For decades, people across the government and the private sector have debated whether Low-Earth Orbit (LEO) or Geosynchronous Equatorial Orbit (GEO) satellites are more effective at providing communications. Price, coverage, maintenance, and a variety of other topics are continually discussed around the world as technology continues to advance. This blog will help you understand the different types of constellation architectures and how they work.

Let’s start with Geosynchronous Equatorial Orbit, also known as Geostationary satellites. These satellites are called Geostationary because they appear fixed as they move at the same angular velocity as the Earth and orbit along a path parallel to Earth’s rotation, providing coverage to a specific area. From the ground, GEO satellites appear to be, well, stationary. At about 35,000 kilometers (22,000 miles) above the Earth’s surface, this type of orbit was first used in 1964 for NASA’s Syncom III, an experimental satellite for communications aboard the Delta-D rocket. Unfortunately, due to the curvature of the Earth, a geostationary satellite cannot provide continuous service above or below approximately +/- 70 degrees latitude.

Meanwhile, LEO satellites revolve at an altitude between 160 to 2,000 kilometers (99 to 1,200 miles). A constellation of LEO satellites can provide continuous, global coverage as the satellite moves. Unlike GEO satellites, LEO satellites also fly at a much faster pace because of their proximity to Earth. For example, an Iridium® satellite flies at approximately 17,000 mph (completing an orbit every 100 minutes!), compared to a GEO satellite that typically flies around 7,000 mph.

There are many applications for GEO satellites, including weather forecasting, satellite radio, and television. Because GEO satellites orbit at such a high altitude, however, there is a longer communication time lag (latency) as the signals travel to and from these satellites. For this reason, many critical communications are handled over LEO satellite networks, which allow for faster connectivity without wires or cables.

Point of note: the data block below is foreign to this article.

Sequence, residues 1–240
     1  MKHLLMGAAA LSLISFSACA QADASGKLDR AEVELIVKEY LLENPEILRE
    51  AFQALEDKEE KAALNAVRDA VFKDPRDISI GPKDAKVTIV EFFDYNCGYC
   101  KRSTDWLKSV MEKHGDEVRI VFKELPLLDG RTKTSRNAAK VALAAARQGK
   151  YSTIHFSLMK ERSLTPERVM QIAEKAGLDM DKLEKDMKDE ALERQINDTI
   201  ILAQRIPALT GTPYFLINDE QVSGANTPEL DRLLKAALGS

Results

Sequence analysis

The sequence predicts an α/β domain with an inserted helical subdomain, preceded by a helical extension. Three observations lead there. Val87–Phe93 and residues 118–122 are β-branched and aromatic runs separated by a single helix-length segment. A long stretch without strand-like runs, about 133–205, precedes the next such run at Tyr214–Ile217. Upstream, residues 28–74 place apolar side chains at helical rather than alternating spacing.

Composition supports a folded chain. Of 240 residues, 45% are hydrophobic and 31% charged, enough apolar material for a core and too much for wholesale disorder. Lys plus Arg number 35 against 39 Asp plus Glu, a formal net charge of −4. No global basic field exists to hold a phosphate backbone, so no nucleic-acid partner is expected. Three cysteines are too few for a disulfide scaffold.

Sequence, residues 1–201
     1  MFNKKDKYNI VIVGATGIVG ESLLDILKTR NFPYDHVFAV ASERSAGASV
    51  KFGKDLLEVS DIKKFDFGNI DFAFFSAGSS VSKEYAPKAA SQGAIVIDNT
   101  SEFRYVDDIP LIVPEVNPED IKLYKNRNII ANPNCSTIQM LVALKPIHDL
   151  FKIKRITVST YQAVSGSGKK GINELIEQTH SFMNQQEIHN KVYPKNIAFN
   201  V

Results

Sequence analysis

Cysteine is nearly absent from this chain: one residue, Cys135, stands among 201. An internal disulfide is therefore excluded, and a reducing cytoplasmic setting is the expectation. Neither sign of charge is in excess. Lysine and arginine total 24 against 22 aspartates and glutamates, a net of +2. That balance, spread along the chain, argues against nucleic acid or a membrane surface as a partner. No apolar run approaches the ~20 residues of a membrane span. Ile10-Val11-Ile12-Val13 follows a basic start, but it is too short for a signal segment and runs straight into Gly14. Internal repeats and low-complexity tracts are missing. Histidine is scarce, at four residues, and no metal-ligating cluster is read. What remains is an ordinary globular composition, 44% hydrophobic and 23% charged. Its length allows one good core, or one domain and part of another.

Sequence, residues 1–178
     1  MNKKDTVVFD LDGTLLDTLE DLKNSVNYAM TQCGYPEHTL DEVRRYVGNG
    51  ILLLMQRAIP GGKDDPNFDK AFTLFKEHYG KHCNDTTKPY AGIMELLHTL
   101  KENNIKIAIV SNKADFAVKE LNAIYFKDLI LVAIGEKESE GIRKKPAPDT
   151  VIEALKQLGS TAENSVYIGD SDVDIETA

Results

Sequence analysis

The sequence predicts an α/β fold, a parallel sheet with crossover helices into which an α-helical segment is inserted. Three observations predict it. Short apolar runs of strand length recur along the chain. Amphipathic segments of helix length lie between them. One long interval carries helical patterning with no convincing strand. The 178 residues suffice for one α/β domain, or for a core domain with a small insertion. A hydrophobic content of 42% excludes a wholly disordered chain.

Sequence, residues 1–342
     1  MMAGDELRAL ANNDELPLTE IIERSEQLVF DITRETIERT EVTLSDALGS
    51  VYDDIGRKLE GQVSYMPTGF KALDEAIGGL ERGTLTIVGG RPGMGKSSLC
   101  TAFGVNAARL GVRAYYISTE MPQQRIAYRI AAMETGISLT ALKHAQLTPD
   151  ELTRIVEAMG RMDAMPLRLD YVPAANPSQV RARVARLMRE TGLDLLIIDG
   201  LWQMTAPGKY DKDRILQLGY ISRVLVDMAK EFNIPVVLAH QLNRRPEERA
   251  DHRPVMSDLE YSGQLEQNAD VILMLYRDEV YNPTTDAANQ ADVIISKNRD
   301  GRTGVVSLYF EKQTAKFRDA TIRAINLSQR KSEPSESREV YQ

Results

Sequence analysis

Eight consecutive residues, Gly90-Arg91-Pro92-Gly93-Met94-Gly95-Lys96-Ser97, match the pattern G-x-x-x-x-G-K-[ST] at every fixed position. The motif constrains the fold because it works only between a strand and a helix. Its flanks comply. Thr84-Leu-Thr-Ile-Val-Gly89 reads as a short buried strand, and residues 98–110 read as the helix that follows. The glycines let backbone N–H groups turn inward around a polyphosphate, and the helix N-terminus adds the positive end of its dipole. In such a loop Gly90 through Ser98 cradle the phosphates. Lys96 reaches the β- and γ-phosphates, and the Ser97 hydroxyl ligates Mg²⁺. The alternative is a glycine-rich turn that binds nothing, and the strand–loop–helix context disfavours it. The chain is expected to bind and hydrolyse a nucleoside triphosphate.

Although the first LEO satellite was launched in the 1950s, it wasn’t until the 1980s that engineers began to challenge the effectiveness of GEO satellites and their “bent pipe” architecture (that many LEO satellites had adopted too). That’s when the idea for a LEO satellite constellation first occurred. A small group of engineers at Motorola began researching and designing a LEO satellite system that allowed the satellites to communicate with each other through cross-links, making for low-latency communications possible all around the world. This network would eventually become Iridium. This crosslinked architecture provides the additional advantage that communications can be “grounded” near their desired destinations.

Today, many communications, navigations, space mission, and observation satellites are in low-earth orbits. Among these are the International Space Station, which orbits at an altitude of around 350 kilometers (218 miles) and the Iridium network, which includes our constellation of 66 active satellites orbiting at 777 kilometers (431 miles) above Earth.

The Iridium network’s LEO position allows us to serve many markets that struggle to adequately communicate with a GEO system. For example, our LEO constellation enables uninterrupted communication anywhere in the world – even for ships sailing at high latitudes, adventurers in remote regions, or transoceanic planes far from land. Due to the fixed nature of GEO satellites, signal blockages between a user and satellite can easily occur; however, since LEO satellites are always moving, the chances of a long or persistent signal blockage are greatly reduced.

Additionally, LEO networks, like Iridium’s, traditionally are L-band systems, which operate in the lower part of the radio spectrum, around the same frequencies as mobile phones. Meanwhile, higher frequency C, Ku, and Ka band systems are used for satellite TV and VSAT networks. L-band is renowned for its ability to send and receive transmissions even in adverse weather conditions because lower frequencies are less susceptible to interference from atmospheric and weather conditions than their Ku, Ka and C-band counterparts.

The cross-linked LEO architecture of the Iridium network also enables low-latency, resilient voice calling. Regardless of where a user is, anywhere on Earth, from the North Pole to South Pole, the Iridium LEO constellation ensures dependable communications with a quality user experience.

As we near the commercial service introduction of Iridium Certus, we are confident that this service, enabled by our new Iridium NEXT LEO constellation will become the preferred provider of global communications.

Interested in learning more about how the Iridium network uses our LEO constellation across other markets to provide pole-to-pole communications? Click here to learn more from an interview with our chief executive officer, Matt Desch.